Protecting wildlife from electrical assets — and vice versa

NOJA Power Switchgear Pty Ltd

Tuesday, 23 April, 2024


Protecting wildlife from electrical assets — and vice versa

At a time when ESG (environmental, social and governance) principles are of increasing relevance to modern businesses, biodiversity risk is a key consideration for industry.

Electricity distribution is no exception. While overhead lines are cost-effective and less carbon-intense than underground cable, the exposure of high voltage to the environment introduces a risk of electrocution to wildlife. Managing that risk is the prerogative of electricity distribution businesses, preserving their social license to operate and allowing them to deliver an essential service in a safe and reliable manner.

Fortunately, outages caused by wildlife interaction with assets are largely preventable and are accounted for by modern switchgear manufacturers. Organisations such as NOJA Power provide mitigation techniques to both reduce biodiversity risk and improve asset reliability.

This article explores four key techniques for mitigating biodiversity risk through technical specification of switchgear.

The impact

Fundamentally, mitigating biodiversity risk is accomplished by introducing barriers between exposed high-voltage conductors and wildlife contact. Wildlife that bridges the gap between an earth plane and a high-voltage terminal introduces a short circuit, causing power to flow through the short circuit.

Faults that occur on switchgear due to wildlife incursion can destroy the asset. Barrier techniques reduce the likelihood of a short circuit occurring, resulting in less biodiversity risk, less outage risk and improved asset reliability.

Since most mitigation techniques are highly cost-effective, NOJA Power Switchgear’s installation philosophy is that animal guards should be the de facto standard for installations.

Bird guards

Bird guards are electrical insulating covers for the exposed terminals of a high-voltage asset. These are installed after the overhead lines are terminated onto the equipment, providing a mechanical barrier between the high-voltage terminal and the outer environment.

While they are not considered a safe isolation for lines operators, they reduce the likelihood of animals bridging the gap between the earthed asset, getting over the bushing sheds and contacting the high-voltage lines or terminals.

Bird guards are available for all terminal types, including surge arrestor terminals and voltage transformer terminals. A comprehensive mitigation strategy includes coverage of all terminals. As an example, NOJA Power switchgear has bird guard types for all exposed terminations on a typical high-voltage installation, for load break switches, reclosers, surge arrestors and voltage transformers.

Covered conductor cable tails

It is industry practice for the connections between the overhead lines and a pole-mounted asset to be made using a conductor that is covered with an insulating medium, such as XLPE.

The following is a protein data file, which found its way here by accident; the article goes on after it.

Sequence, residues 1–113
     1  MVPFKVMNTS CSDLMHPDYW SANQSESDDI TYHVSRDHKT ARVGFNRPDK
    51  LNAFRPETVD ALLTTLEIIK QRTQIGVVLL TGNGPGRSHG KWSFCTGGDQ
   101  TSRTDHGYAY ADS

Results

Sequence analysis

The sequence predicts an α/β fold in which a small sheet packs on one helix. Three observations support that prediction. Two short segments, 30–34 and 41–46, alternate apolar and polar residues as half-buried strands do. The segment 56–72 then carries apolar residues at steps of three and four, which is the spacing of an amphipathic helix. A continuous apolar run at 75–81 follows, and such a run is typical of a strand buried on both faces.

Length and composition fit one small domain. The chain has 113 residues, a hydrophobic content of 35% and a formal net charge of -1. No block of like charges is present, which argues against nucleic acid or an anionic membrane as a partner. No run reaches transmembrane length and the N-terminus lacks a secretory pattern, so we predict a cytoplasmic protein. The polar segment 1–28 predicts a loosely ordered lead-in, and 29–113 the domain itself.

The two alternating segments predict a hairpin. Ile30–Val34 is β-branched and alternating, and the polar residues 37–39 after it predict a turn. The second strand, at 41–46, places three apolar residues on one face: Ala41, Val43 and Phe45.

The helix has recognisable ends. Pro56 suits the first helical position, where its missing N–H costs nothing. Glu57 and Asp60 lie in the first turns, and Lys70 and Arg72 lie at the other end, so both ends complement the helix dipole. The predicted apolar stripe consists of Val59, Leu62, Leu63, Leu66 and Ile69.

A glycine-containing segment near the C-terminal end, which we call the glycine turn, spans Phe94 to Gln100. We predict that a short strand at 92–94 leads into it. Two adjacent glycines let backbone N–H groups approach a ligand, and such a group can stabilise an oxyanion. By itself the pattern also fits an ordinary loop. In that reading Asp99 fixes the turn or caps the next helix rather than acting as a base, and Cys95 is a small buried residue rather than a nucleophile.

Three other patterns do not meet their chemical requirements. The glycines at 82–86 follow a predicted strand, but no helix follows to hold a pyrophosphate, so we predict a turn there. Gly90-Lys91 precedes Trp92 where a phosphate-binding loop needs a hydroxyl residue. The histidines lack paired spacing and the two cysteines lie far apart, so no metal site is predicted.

Like bird guards, this covered conductor approach does not provide operator-safe insulation, because it lacks an earth screen — but it does provide major risk mitigation for animals bridging the gap between conductors or a conductor and the earthed asset.

This is a common source of confusion for newcomers to switchgear specification, as the cable tail insulation level does not need to match the insulation requirement of the asset. For example, a 38 kV installation may only need cables insulated to 11 kV. The cables are not being used as a working isolation for operators; instead they only provide a mechanical barrier against animal contact.

Installing cables insulated to full network voltage is not practical in an overhead connection scenario, but the 11 kV covered conductor is generally sufficient for most applications and provides appreciable mitigation for biodiversity risk.

Image credit: iStock.com/ Peter_Virag

Animal climbing guards

Animal climbing guards are a metal sheath installed near the base of the power pole installation. This sheath reduces the likelihood of animals successfully climbing the pole and contacting high-voltage terminals.

These are a simple intervention asset that can be installed in both new and legacy installations.

Cattle guards

In some regions, local OH&S regulations encourage installation of switchgear controllers low enough on a power pole to remove the need for a ladder. This approach reduces fall risk for operators, but introduces a risk of larger animals contacting the equipment.

Bringing the controller down to pedestrian height in rural areas can make the controller become a bovine scratching post — leading to damage of the control cables or communications accessories. To combat this, a cattle guard is mounted on the base of the control cubicle, providing mechanical protection for the cable entry points to the controller.

Conclusion

Biodiversity risk is a key consideration for any organisation reliant on managing electricity distribution assets. The risk considers both asset reliability outage risk and the impact on wildlife. Both these aspects impact the bottom line, whether through direct loss of productivity or through social licence to operate.

Luckily, mitigations of this exposure are cost-effective, reliable and easy to implement, and modern switchgear manufacturers can supply equipment to address the risk.

Given the minor relative cost to an equipment installation, NOJA Power recommends that animal guards are the default configuration for any installation. For more information, visit www.nojapower.com.au.

Top image credit: iStock.com/daleclarkphotography

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